Little Havana features several community sources available for the elderly and the disabled. The first non-profit organization is called the Lighthouse for the Blind and Visually-Impaired. As its name suggests, it provides assistance to people of all ages, races, and genders, who cannot see well. This includes specialized classes, providing Braille books, and offering physical assistance to those in need. However, the center does not have many employees to visit people at home, and their activity is limited to working in the center. Other social services Little Havana Activity Center, Little Havana Activities-Nutrition, and Little Havana Retirement Living.
These centers provide support and engage the elderly by enabling them to perform physical activities, offering healthy choices of diet, and providing a retirement home, where they are tended and cared for. While these facilities are adequate, they are largely non-profit organizations, which means their budgets are reliant on many sources, such as government funding and donations. Should a crisis strike, they would have no income. In addition, all of them are located in the Eastern part of Little Havana, meaning that the elderly from other parts of the city would have a longer time getting there. Lastly, the size of Little Havana Retirement Living is too small to accommodate everyone.
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Community Health Problem Diagnosis
The Healthy People 2020 program provides ample data on the objectives aimed at improving public health throughout the country. One of the most pressing matters in this community, as it was already observed and noted in this report, is the lack of specialized visitable features that would allow the disabled to perform certain actions without asking for outside assistance.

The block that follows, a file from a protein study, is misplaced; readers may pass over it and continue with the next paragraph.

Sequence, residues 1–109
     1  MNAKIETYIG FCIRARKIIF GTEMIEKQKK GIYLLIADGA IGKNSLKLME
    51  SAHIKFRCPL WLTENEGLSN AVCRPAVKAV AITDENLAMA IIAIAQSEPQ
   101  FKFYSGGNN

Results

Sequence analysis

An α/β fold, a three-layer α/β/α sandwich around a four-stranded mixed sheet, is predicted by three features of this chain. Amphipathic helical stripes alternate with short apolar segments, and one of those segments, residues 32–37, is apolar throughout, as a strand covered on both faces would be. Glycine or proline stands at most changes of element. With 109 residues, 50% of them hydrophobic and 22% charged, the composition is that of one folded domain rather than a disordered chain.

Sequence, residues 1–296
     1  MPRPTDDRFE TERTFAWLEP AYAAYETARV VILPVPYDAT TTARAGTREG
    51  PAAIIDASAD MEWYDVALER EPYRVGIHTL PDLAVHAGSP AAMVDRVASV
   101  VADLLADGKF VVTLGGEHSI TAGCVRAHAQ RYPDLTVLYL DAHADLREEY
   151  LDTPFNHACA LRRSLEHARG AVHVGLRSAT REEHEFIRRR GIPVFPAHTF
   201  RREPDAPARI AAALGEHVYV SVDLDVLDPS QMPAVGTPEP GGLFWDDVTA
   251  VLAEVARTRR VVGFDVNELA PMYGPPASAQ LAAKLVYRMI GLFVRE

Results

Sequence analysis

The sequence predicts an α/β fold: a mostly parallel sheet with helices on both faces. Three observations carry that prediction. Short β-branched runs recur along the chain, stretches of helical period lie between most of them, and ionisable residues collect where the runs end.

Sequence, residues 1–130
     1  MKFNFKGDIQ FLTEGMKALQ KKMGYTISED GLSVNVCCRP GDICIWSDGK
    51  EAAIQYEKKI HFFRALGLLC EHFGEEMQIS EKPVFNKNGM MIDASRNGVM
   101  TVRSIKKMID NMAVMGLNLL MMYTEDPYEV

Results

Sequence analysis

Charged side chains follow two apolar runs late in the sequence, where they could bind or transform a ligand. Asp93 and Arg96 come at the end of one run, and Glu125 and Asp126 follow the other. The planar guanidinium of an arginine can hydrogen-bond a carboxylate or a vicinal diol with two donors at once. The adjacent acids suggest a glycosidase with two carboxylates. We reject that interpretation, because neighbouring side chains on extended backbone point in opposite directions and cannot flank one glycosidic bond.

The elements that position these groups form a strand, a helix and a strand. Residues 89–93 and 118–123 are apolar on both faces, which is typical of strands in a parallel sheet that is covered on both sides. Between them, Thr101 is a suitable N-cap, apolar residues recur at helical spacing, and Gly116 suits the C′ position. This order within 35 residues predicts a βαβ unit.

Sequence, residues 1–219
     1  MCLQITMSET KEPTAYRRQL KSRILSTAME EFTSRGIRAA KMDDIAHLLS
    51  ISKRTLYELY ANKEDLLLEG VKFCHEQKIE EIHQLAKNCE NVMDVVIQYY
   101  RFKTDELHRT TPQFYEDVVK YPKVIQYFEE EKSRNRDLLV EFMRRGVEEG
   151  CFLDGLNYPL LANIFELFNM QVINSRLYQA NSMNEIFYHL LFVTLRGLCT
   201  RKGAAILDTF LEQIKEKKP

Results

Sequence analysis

This includes the construction of ramps, providing special restrooms to disabled people, installing specialized sound emitters on traffic lights, placing tactile tiles on the sidewalks, and other measures covered by the DH-11 Objective (“Systems and policies, n.d.). A nurse can play an important role in advancing said objective. The majority of the population can be unaware of the disabled peoples’ plea, which is the reason for not providing any accommodations for them. Conducting an information campaign, personally visiting shop owners, public space workers, and other stakeholders could have a positive effect on the issue.
Little Havana is a comely city with above-average living conditions and low poverty levels. Despite this fact, it still has vulnerable population groups such as the disabled and the elderly. Current conditions do not meet the standards for the accommodation of these vulnerable groups and must be improved upon. A nurse could help improve the situation in this locality by providing information and being an activist to promote the construction of all the necessary accommodations, which include ramps, specialized restrooms, tactile tiles, road sound emitters, and other measures.
Barnes, J., & Burke, T.F. (2012). Making way: Legal mobilization, organizational response, and wheelchair access. Society Review, 46(1), 167-198.
Cupples, M.E., Hart, P.M., Johnston, A., & Jackson, A.J. (2012). Improving healthcare access for people with visual impairments and blindness. BMJ, 344, 42-46.
Disability and health. (n.d.)
Systems and policies. (n.d.)